Lawmakers debate Medicaid expansion, ‘Healthy Utah’ bill passes committee

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SALT LAKE CITY -- There wasn’t an empty seat to be found as Utah lawmakers debated Medicaid expansion on Wednesday.

With concern growing about what they will decide, the public has been looking closely at two proposals. On one side, you have Gov. Gary Herbert’s Healthy Utah plan. On the other, you have what’s been dubbed, "Frail Utah."

But it was the governor’s proposal that drew both support and criticism during a Senate committee meeting.

“How we proceed with this will really determine the outcome, the very health and lives of people, for many years in the state of Utah,” said Sen. Brian Shiozawa, R-Salt Lake City.

Sponsoring legislation that mirrors the Healthy Utah plan, Shiozawa defended the proposal to lawmakers and the public.

“We are saddled with 600 to 800 millions of dollars every year in taxes, which go back to the federal government,” Shiozawa said. “You and I cannot change this. So, we can either accept that, or we can do something about it.”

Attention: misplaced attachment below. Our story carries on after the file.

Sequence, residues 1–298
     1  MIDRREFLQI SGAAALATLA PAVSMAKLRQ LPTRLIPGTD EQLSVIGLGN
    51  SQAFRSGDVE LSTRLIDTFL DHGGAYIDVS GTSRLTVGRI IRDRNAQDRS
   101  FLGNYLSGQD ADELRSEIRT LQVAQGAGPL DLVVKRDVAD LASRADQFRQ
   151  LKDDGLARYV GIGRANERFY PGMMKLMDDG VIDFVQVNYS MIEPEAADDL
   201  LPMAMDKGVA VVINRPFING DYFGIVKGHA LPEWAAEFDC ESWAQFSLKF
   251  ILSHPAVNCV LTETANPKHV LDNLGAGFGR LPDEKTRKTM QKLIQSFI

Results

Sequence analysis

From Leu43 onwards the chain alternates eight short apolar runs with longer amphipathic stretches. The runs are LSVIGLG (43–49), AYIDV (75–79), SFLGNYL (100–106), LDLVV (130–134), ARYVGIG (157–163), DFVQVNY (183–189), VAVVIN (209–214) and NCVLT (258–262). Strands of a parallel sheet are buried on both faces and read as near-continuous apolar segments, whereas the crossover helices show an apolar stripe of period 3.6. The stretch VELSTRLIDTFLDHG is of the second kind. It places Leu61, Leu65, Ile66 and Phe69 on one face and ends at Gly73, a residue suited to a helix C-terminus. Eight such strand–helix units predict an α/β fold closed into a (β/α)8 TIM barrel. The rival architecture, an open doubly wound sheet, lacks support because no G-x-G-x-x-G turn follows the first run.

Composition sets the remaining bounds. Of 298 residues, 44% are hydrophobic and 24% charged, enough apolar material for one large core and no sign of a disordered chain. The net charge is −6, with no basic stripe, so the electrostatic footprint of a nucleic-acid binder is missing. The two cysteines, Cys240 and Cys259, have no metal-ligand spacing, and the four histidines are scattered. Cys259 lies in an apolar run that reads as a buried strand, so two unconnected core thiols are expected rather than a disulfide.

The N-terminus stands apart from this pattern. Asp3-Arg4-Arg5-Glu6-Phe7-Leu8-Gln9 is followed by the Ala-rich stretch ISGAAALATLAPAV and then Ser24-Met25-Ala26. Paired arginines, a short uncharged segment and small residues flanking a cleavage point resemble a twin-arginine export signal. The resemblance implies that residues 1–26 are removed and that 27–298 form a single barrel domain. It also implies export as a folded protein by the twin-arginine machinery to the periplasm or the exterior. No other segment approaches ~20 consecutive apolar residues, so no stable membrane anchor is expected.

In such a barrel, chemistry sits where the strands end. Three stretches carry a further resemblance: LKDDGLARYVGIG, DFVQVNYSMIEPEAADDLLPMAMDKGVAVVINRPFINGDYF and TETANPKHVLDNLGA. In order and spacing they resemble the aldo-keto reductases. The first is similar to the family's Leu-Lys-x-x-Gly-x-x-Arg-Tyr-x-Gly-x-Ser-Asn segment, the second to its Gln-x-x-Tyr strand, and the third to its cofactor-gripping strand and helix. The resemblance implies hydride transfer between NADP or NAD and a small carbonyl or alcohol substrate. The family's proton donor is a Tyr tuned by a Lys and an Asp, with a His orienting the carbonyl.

The governor’s plan would cover about 146,000 low-income Utahns by 2021, costing roughly $236 million over six years.

It’s competing against a slightly less expensive bill from Sen. Allen Christensen. Frail Utah would cover about 16,000 people and cost $203 million over six years.

However, the big selling point is what they do in federal dollars. Healthy Utah would recover $3.2 billion in federal tax dollars paid by state residents, while the federal government would cover $611 million in Frail Utah.

“I absolutely do not believe Sen. Christensen or any of the opponents of Healthy Utah are heartless. I just think they’re wrong,” said Paul Gibbs, a local resident.

Christensen was noticeably absent from the committee on which he serves, but some argued in his favor with criticism of Shiozawa’s plan.

“Pause and give thought to the unseen costs and burdens that will come to taxpayers with this proposal,” said Bill Hesterman, vice president of the Utah Taxpayers Association.

The bill passed the Senate committee 4-1. It now heads to the full Senate for further consideration.

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